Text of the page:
Search: balcombe

a theory of mind

by Bernard De Koven on December 28, 2012

I think that, to fully grasp the scope and power of play, we need to go beyond ourselves, to learn to include other, stranger players. Some of the teachers who have helped me understand the true breadth of the field of play are students of animal behavior. People like Marc Bekoff and Jonathan Balcombe, for example, who help us understand animals as feeling beings, are amply represented on this site. Today, I am pleased to introduce Analee Newitz, another student of animal behavior, who, in her article “Corvids: The Birds Who Think Like Humans,” brings us evidence of yet another connection to another species of players. That connection: the possibility that they, like us, have minds. Not just brains, but, like us, minds. Here’s a taste of her thinking, from a much longer article that I hope will move you as it has myself:

“…crows and other corvids have a theory of mind, which allows them to understand and anticipate the behavior of other creatures around them. This is why, for example, crows are able to figure out that it’s a good idea to scavenge for food on the Seattle ferry between cars — they’ve seen people toss food out the windows before, and anticipate they’ll do it again. It’s why scrub jays know that the crows are watching them to try to steal their peanuts. Crows also use tools, bending sticks to turn them into hooks for retrieving food.

“They play, as you can see from this video of a crow surfing on a snowy roof in Russia.

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“And they’ll even feed other animals, as this pet crow does with his dog and cat pals.

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“Their highly-developed brains — different from mammal’s but no less complex — seem capable of planning for the future (caching), guessing at motivations and acting accordingly (re-caching food) and problem solving (tool use).

“Do crows, jays and other corvids share with humans the ability to know themselves and know other creatures too? Or are they merely acting on instinct, which we mistake for more complex thought patterns? It’s impossible to say for certain. But there is no doubt that they are extremely intelligent, social animals, who count humans among those creatures they are willing to trust.”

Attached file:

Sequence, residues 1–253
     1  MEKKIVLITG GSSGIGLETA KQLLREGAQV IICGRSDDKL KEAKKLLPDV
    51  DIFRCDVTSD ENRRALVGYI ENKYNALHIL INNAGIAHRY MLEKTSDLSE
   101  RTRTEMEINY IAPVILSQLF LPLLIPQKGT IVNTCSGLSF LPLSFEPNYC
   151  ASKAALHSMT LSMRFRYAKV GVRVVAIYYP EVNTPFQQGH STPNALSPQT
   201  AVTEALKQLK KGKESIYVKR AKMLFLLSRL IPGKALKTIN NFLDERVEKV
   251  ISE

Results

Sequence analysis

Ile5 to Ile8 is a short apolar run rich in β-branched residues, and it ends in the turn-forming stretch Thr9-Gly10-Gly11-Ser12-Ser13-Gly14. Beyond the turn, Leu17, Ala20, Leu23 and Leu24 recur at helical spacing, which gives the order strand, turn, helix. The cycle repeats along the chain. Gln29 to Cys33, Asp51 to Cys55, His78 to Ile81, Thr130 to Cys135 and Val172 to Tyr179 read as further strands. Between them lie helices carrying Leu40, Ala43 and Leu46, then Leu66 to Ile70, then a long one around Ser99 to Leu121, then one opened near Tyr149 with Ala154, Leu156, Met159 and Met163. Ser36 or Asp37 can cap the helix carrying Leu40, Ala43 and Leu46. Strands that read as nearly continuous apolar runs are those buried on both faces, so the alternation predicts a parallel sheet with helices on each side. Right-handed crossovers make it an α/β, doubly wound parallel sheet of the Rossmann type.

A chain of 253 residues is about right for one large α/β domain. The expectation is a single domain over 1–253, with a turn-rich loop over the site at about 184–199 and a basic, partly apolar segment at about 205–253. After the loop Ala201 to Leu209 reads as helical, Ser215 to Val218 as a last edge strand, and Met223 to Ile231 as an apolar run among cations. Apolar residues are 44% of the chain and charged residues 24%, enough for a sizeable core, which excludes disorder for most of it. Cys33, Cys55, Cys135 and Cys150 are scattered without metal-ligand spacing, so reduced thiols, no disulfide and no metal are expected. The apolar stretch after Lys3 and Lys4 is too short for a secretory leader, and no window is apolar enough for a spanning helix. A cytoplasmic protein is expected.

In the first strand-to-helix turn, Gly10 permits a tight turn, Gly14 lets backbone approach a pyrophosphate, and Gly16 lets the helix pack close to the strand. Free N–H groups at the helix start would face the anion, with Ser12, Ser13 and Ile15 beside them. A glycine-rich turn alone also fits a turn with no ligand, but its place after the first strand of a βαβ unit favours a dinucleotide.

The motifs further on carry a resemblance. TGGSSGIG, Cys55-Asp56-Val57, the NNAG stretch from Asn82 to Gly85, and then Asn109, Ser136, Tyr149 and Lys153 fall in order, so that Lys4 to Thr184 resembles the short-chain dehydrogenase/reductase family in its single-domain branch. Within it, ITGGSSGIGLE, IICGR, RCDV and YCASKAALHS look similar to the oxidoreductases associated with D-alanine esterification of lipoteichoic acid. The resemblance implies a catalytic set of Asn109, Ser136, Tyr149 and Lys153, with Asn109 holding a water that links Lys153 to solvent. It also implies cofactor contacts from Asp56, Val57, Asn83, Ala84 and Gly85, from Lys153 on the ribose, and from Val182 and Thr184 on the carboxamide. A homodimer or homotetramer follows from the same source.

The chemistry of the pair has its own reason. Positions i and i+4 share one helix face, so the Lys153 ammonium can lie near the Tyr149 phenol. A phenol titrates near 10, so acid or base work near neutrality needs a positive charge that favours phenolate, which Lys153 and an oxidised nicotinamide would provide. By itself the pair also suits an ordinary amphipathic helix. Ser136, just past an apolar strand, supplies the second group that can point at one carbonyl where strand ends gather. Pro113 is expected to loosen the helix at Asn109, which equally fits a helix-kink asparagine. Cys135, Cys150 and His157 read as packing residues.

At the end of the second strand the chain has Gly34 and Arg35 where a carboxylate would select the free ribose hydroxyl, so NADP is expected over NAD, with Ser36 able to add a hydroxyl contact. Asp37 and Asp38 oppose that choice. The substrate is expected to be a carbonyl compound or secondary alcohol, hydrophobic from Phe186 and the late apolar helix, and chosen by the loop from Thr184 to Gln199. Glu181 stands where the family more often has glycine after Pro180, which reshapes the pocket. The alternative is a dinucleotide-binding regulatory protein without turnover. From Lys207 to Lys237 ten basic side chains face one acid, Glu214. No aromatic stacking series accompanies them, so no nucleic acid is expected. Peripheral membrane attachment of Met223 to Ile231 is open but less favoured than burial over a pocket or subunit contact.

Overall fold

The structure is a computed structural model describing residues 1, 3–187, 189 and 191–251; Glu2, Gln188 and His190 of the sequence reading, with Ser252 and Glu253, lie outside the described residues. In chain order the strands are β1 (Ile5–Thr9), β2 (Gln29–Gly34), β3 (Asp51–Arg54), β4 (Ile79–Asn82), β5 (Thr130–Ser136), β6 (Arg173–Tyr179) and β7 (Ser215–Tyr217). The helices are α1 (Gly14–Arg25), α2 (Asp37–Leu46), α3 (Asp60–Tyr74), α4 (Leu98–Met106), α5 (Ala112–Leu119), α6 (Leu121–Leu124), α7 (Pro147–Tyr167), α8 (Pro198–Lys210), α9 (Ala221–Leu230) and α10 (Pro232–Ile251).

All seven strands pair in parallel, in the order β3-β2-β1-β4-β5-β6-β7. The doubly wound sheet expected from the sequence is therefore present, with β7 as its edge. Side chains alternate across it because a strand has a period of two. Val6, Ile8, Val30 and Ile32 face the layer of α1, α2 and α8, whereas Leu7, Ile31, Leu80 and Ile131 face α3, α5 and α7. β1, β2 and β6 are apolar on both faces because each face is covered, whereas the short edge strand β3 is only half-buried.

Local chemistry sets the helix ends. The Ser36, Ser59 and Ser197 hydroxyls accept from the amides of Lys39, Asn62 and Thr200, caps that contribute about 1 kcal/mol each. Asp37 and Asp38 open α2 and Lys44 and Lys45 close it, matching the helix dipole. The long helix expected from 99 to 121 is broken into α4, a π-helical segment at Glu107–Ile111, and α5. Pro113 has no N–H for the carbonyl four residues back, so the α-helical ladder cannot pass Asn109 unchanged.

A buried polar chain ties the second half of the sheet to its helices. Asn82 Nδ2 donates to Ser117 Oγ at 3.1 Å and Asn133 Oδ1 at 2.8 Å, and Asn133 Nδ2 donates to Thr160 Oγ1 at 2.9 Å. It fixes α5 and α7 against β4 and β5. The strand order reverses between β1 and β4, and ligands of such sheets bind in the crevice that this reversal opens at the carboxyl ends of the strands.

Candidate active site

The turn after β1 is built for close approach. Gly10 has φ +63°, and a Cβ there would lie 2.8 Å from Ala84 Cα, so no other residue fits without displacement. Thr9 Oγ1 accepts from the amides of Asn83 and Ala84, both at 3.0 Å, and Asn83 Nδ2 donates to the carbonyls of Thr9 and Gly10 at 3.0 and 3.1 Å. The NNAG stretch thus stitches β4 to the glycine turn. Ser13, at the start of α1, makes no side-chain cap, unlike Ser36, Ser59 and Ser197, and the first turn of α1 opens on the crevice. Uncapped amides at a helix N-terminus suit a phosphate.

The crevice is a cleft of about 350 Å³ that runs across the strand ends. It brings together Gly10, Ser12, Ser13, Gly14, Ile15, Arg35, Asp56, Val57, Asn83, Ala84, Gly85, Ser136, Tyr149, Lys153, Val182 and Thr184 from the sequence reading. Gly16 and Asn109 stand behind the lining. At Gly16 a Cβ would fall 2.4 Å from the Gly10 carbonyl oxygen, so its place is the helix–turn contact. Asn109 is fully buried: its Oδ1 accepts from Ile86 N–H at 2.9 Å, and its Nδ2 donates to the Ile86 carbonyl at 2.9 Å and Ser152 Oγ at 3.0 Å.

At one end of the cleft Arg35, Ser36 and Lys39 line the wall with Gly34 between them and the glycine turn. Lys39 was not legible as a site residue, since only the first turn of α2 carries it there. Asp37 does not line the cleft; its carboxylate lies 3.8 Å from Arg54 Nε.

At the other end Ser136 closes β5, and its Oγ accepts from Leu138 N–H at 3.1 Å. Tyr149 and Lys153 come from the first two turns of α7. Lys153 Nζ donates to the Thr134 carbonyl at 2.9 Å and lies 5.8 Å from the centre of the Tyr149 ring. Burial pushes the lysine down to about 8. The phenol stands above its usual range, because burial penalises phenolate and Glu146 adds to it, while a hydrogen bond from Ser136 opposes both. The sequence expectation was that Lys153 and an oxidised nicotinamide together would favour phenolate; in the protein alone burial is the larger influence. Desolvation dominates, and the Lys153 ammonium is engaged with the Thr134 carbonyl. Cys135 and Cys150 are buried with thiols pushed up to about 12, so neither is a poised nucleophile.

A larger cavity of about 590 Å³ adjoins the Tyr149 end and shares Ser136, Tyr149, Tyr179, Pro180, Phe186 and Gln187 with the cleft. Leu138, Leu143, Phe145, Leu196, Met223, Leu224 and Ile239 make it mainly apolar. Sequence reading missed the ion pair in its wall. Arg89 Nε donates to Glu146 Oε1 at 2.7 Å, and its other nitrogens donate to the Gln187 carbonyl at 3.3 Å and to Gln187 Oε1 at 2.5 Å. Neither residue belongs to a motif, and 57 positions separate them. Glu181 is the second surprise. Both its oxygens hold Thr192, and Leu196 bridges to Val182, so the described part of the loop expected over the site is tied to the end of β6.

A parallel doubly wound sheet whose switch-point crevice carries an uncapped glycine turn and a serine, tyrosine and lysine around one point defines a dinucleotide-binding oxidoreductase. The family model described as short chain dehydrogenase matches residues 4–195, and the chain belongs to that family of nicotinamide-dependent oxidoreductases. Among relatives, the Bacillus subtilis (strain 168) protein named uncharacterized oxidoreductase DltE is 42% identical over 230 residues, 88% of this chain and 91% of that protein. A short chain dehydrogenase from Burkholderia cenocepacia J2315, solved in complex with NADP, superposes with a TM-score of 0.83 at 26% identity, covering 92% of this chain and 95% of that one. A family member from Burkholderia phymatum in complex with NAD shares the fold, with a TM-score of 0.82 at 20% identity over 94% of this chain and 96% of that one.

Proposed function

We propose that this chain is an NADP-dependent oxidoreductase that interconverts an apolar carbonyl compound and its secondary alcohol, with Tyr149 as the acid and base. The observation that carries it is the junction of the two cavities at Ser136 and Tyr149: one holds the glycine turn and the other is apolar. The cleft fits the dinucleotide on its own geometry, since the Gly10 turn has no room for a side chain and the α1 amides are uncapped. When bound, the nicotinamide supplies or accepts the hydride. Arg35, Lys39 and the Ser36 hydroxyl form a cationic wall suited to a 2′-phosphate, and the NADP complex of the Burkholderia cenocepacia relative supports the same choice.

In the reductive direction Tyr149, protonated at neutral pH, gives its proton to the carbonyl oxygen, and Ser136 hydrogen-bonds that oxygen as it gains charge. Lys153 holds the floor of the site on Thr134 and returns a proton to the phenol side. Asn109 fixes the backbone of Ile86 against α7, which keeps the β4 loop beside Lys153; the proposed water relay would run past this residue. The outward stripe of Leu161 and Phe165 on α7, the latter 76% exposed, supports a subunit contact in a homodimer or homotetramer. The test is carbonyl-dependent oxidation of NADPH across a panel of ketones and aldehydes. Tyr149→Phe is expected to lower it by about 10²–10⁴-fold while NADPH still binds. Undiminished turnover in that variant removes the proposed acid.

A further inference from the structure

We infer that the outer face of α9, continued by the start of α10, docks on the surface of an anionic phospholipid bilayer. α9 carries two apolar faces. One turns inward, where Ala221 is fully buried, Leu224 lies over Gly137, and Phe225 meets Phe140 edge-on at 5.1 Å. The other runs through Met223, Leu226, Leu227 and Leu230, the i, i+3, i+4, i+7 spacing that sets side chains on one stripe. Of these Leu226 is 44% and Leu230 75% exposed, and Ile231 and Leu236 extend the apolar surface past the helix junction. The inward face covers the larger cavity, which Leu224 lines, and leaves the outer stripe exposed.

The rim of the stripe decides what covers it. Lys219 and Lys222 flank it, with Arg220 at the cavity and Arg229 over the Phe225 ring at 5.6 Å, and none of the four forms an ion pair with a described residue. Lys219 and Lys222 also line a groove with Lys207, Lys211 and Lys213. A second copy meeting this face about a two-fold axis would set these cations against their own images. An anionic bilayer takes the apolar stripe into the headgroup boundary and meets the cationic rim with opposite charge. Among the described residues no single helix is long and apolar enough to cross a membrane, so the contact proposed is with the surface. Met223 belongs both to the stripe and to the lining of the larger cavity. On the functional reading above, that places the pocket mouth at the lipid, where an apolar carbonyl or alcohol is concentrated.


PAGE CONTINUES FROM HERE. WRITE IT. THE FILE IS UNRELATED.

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animals, pleasure and fun

by Bernard De Koven on January 11, 2012

Ethologist Jonathan Balcombe, a scientist and teacher who writes clearly and often passionately about the emotional life of animals, has written another important piece sharing his insights about the strong possibility that animals experience pleasure. Because he is a scientist, and only reluctantly accepted by the scientific community as a legitimate scholar and researcher, he doesn’t dare use the word “fun” in connection with animal emotions, probably because the idea that animals can experience pleasure is radical and, to many of those in the meat farming and packing industries, positively threatening.

In a recent article, Dr. Balcombe includes the following video

He comments:

Biologists are quick to pin adaptive, survival-driven explanations on these avian flights of fancy (check out the narration on the video). The birds are increasing predator vigilance; they are heating up their bodies for the cold night ahead; they are sorting out their dominance hierarchies before selecting the best roosting spots, etc.

Who are they kidding. These birds don’t have to do this. Barnes, an experienced birdwatcher, gets it right: “It’s a joyous thing to watch: and perhaps it’s joyous for the birds as well … I suspect that flying in these extraordinary formations is a thrilling thing to do and is a reward for the hard work of flying in 20 miles from the foraging ground. It’s a treat to end the day with: a celebration.”

To me, understandably, it’s all about fun. These birds are having fun, sharing fun, creating fun. And yes, they’re probably celebrating, but that’s another post altogether.